‘Coronavirus presents opportunity for bold decisions about Air Malta'

Chamber of SMEs deputy president Philip Fenech told BusinessToday that Covid-19 could be the ideal opportunity for bold decisions regarding Air Malta


As airlines around the world limit their destinations in an effort to mitigate with the impact of the coronavirus on travel, Air Malta has a golden opportunity to fill in the gaps in flight links to Malta, therefore helping the tourism industry to revive, Chamber of SMEs deputy president Philip Fenech has said.

In comments to BusinessToday on Wednesday, Fenech said that, should the national carrier not be in a position to fill this gap due to the issues it has been facing, difficult decisions would have to be taken to ensure Malta did not lose out on the chance to capitalise on other airline's retrenchment plans.

Fenech said that many of the 32 foreign airlines which serve the Maltese airport have been decreasing their flights worldwide, with Malta already hit by a reduction in connections.

While some airlines will continue serving Malta when global travel restrictions are lifted, others will choose to temporarily stop their flights to the island and instead turn to destinations which are more likely to serve their load capacities.

"Some airlines will choose other places to fly to when flight restrictions are lifted, and will only come back to Malta when demand starts growing again," he said, underlining Malta International Airport CEO Alan Borg’s recent warning that tourism would not return to its 2019 figures before at least 2023.

"When Malta switches its tourism sector back on, the island won't have the same international linkages which it previously had. There won't be enough flights operating to Malta to bring in the 2.7 million tourists which were previously visiting the country, and which are needed to maintain business levels in the sector," Fenech said.

Philip Fenech
Philip Fenech

He pointed out that Air Malta had to thus increase its market share by providing connections to those destinations which were normally served by other airlines. This would be necessary to ensure that tourists are brought to Malta, which in turn would be essential to successfully reignite the engines of the hospitality and catering industries, that would otherwise risk a situation of overcapacity due to the limited local demand.

And, if the national airline is not capable of doing so, the government must take the necessary decisions to ensure tourism is safeguarded, including by considering starting a new company which would replace Air Malta in its current form.

"Due to the burdens Air Malta is carrying, and although a lot of effort has been put in its restructuring, it still isn't efficient enough to act swiftly in this current scenario."

The government, Fenech noted, already had the required structure in place, in the form of Malta MedAir - which owns landing slots and has an operating license - to start airline operations.

Malta MedAir, which was set up in 2018, owns Air Malta's landing rights at major airports.

In July last year, former tourism minister Konrad Mizzi had said that the government-owned Malta MedAir could step in and take over Air Malta's growth plan if issues involving the national carrier are not solved.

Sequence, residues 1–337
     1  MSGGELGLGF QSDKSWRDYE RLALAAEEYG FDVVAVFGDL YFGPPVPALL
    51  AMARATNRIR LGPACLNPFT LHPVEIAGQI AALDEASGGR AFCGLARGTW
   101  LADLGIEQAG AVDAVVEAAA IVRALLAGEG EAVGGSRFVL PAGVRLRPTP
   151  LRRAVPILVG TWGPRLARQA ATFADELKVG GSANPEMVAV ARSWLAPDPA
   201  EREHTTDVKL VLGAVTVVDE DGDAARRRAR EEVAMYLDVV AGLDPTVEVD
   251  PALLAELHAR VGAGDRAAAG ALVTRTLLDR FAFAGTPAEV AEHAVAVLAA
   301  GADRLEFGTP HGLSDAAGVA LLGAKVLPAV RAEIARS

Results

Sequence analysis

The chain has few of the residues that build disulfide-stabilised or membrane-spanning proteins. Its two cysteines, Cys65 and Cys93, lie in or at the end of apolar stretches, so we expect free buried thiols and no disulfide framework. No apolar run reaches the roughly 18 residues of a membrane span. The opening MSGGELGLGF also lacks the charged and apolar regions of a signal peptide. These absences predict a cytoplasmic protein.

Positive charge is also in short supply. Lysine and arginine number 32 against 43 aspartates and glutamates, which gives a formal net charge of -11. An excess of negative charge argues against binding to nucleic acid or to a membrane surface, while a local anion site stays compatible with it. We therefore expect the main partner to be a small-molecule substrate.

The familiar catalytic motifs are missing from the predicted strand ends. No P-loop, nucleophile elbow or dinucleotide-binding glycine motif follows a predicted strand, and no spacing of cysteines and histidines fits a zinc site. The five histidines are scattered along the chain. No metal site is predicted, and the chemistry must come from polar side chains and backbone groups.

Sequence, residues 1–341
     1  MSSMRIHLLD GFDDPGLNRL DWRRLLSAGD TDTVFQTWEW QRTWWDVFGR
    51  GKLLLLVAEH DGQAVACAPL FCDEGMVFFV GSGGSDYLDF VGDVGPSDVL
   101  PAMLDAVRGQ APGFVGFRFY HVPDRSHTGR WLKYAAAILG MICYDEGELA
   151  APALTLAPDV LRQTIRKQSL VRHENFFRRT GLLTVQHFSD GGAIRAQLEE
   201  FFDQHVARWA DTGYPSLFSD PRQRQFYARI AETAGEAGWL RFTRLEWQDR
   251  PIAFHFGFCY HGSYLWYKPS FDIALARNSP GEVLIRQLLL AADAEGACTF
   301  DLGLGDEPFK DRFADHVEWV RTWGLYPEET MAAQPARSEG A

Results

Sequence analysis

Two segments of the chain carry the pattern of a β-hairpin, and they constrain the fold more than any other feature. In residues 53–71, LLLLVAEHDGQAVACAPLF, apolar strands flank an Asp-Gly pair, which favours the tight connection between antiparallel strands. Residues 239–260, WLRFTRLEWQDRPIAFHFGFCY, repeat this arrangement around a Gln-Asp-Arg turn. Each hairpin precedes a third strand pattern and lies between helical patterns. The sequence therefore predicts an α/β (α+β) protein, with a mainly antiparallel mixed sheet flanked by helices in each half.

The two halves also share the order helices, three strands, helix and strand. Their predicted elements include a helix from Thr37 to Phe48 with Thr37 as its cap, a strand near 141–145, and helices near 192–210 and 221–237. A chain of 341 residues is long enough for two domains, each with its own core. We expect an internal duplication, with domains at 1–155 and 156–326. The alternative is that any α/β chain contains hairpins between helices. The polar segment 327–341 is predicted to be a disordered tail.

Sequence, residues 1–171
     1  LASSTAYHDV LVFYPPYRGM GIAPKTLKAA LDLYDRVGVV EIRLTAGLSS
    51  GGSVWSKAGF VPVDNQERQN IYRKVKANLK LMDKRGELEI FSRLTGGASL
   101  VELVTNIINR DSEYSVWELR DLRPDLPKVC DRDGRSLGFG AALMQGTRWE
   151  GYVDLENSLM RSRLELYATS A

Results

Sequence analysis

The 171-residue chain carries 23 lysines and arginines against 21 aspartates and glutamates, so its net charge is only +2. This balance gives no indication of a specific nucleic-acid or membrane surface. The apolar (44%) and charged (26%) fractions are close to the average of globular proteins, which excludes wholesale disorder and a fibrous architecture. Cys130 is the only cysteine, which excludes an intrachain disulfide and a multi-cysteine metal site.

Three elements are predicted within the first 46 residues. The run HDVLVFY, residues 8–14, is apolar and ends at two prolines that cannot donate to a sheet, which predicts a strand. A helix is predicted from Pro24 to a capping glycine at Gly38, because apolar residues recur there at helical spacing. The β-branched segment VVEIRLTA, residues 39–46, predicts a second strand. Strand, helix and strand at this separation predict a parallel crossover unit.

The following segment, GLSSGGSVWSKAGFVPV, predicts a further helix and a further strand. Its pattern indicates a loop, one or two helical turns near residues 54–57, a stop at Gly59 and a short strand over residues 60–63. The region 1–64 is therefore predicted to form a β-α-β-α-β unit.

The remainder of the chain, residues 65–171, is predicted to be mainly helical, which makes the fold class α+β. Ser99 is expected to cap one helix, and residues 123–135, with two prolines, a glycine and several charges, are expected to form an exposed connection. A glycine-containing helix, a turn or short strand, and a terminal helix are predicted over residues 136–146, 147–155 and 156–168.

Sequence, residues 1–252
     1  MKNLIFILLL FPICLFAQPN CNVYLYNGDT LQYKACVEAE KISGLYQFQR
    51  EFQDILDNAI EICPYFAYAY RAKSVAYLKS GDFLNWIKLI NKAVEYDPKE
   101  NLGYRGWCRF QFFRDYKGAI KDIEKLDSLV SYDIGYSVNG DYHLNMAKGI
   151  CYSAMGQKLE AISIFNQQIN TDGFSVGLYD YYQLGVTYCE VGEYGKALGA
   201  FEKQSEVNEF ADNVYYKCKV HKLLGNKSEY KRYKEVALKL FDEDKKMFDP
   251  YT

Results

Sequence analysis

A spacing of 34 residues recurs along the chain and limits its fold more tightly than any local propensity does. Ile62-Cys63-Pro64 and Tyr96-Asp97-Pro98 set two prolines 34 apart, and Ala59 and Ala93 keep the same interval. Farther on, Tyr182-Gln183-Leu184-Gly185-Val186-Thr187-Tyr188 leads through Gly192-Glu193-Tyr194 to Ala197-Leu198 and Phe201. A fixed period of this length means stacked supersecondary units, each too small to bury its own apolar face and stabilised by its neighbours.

"If an airline company is started from scratch, it can have a new, strong and lean cost-base to seize this golden opportunity. This could launch a new Air Malta on a stronger footing, which will not only help the airline itself, but also aid the Maltese economy in general, not least by limiting the excess capacity in hotels, restaurants and the multitude of tourism services, which the country will have to deal with before tourism picks up again."

Fenech suggested that there are different ways of how the government could set up the new company. One could be in partnership with the private sector, namely top tourism industry players, as well as with the public. This would also allow tourism industry insiders with vast experience in the field to lend their support.

Moreover, by making the company publicly listed, the Maltese people would also play a role in backing their country's own airline.

"This is a great chance for Malta's businesses to recover at a faster rate by having a national airline fill in the interim period until tourism completely picks up in 2023. It will also position Air Malta for a good future in the long-term," he added.

Alan Borg
Alan Borg

EC’s proposes safe corridors for air travel

Fenech’s comments come as the EU yesterday unveiled a plan to reopen its internal borders.

The European Commission is proposing an approach whereby travel restrictions are lifted in phases, starting with those "between areas or member states with sufficiently similar epidemiological situations."

This would see the creation of "safe corridors" within which people from countries which have managed COVID-19 successfully - such as Malta - can travel to other destinations in which the virus has also been well-controlled.

MIA’s reaction

In comments to BusinessToday following the EC’s announcement, MIA CEO Alan Borg said the company welcomed the European Commission’s guidance to safely resume travel and reboot tourism since it aims to create a common, transparent, and non-discriminatory framework.

“We also agree with the 3-phased approach to lifting the current restrictions in a gradual and cautious manner. We understand that the EC is soon to provide more details, such as the dedicated website with an interactive map,” he said.

“The national public health authorities now need to focus on their country’s respective preparedness to implement the EC’s guidance.”

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